Understanding Depreciation Processing

PeopleSoft Asset Management can calculate depreciation for more than 18,000 different scenarios, depending on the depreciation attributes that you select. Most standard depreciation methods and prorate conventions are delivered, along with functionality for you to define your own depreciation methods and prorate conventions. In the United States, PeopleSoft Asset Management calculates tax credits and tax credit recapture. Standard depreciation reports are provided, as well as reports that enable you to comply with the U.S. Tax 40% Rule, the U.S. Alternative Minimum Tax (AMT), and the U.S. Adjusted Current Earnings (ACE). Outside the U.S., PeopleSoft Asset Management provides depreciation methods that are commonly used in Europe, Australia, India, and Japan, as well as other methods that are used globally.

PeopleSoft Asset Management calculates the annual depreciation based on the asset's life, depreciable cost basis, placed-in-service date, and any depreciation limits that you specify. You can set up required depreciation attributes on three levels: You can enter them in your business unit books, define them when you set up asset profiles, or specify them when you add assets to the system.

When you set up your business unit books, specify whether each book is a financial book, a tax book, or a financial book with tax information. This specification acts as a filter, enabling you to select options that correspond to the book type that you specified. For example, if you define a book as a tax book in the U.S., PeopleSoft Asset Management does not allow you to select depreciation attributes that are not supported by U.S. federal tax code.

Asset profiles function as templates. They provide a quick way to enter asset information, especially depreciation criteria. Rather than enter the book, method, convention, life, and tax credit information each time that you add an asset, you can use the asset profile to supply that information by default. When you enter assets, specify the profile ID. If any depreciation information in the profile does not apply, you can override it.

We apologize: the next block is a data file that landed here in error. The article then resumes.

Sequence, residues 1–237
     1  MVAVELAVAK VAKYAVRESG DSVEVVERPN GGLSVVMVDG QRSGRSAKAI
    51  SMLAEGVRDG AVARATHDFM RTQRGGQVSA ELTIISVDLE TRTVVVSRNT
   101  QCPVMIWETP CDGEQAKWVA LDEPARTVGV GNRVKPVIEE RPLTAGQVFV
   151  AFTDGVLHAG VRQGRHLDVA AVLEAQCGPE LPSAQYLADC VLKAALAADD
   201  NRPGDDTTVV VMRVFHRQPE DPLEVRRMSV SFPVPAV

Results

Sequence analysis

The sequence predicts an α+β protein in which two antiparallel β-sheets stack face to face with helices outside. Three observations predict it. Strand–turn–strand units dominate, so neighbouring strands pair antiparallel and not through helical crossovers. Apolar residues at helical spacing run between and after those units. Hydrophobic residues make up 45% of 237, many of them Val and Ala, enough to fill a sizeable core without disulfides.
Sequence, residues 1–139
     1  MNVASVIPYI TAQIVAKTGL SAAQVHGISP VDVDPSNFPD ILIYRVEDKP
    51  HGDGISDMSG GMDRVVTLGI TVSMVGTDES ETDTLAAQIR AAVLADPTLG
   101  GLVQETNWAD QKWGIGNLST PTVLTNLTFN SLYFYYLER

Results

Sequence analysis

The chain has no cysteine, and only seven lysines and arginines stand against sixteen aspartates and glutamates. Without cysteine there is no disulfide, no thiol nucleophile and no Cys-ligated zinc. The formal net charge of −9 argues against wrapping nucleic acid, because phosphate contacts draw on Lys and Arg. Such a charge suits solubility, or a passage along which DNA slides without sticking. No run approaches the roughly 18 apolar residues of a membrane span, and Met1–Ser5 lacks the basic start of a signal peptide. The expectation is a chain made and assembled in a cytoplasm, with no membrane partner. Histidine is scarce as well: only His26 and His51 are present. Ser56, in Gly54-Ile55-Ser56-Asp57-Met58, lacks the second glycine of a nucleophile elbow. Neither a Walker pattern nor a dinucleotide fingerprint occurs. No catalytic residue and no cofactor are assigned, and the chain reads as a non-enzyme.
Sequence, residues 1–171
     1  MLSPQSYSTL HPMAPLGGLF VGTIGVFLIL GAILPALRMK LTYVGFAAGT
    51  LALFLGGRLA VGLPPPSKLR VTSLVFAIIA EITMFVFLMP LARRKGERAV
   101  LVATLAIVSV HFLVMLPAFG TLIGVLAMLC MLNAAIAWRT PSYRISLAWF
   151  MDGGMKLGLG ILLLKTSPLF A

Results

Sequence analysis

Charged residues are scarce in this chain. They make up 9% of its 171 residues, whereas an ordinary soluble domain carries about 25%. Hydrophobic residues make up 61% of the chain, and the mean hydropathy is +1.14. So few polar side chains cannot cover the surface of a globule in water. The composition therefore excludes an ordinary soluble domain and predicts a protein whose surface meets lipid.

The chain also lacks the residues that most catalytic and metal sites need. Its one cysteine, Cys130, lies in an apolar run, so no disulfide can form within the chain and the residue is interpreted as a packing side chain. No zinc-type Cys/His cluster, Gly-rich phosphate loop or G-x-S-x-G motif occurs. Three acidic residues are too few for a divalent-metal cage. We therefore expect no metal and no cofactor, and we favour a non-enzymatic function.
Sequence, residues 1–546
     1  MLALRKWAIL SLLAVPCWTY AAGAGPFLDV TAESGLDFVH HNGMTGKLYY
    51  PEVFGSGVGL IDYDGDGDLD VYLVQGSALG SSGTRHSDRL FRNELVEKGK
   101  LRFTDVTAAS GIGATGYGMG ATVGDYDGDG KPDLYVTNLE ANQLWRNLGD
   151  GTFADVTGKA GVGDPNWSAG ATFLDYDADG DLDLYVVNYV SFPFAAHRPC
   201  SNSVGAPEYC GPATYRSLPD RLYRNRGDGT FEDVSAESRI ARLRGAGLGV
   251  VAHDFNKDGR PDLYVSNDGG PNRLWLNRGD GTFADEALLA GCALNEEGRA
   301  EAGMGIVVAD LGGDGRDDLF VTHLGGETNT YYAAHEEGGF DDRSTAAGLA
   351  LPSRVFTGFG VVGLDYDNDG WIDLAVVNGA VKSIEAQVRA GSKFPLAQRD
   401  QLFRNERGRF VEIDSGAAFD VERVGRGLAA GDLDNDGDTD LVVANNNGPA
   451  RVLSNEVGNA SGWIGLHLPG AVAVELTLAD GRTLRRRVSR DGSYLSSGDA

You can also specify depreciation attributes as you add assets to PeopleSoft Asset Management. Do this if the asset profile does not contain the depreciation criteria that you want for the asset. If you use more than one book, specify the depreciation criteria for each book.

To ensure correct depreciation processing, the PeopleSoft detail calendar that you use must include at least five years prior to the life of the oldest asset. For example, if the life of the oldest asset began on January 1, 2000, your calendar must begin no later than January 1, 1995. These prior periods are required for correct depreciation processing.

Build detail calendars beyond the end depreciation date of the asset as well. When you do this, the system calculates depreciation over the longer period correctly for any added assets that have a longer than usual service life. If any short tax years are contained within this five-year period, create a calendar of more than five years to ensure correct depreciation.

If you use a depreciation method that relies on tables specifying the percentage of depreciation that is expensed for each period, review the delivered depreciation schedules. If you use depreciation schedules that are different from those delivered, you must add a schedule with the appropriate percentages for each in-service period for each year of life.

PeopleSoft Asset Management provides all standard prorate conventions. In addition, it enables you to build new conventions based on calendars and to copy conventions from one SetID to another as appropriate.

Note: PeopleSoft Asset Management enables you to change both depreciation conventions and schedules as you deem necessary. If you change either the schedule or convention, you get a warning that the convention and the schedule do not agree. When you save your change, PeopleCode changes the convention or the schedule for you. The depreciation will calculate correctly whether you enter a change to schedule or convention and in either order.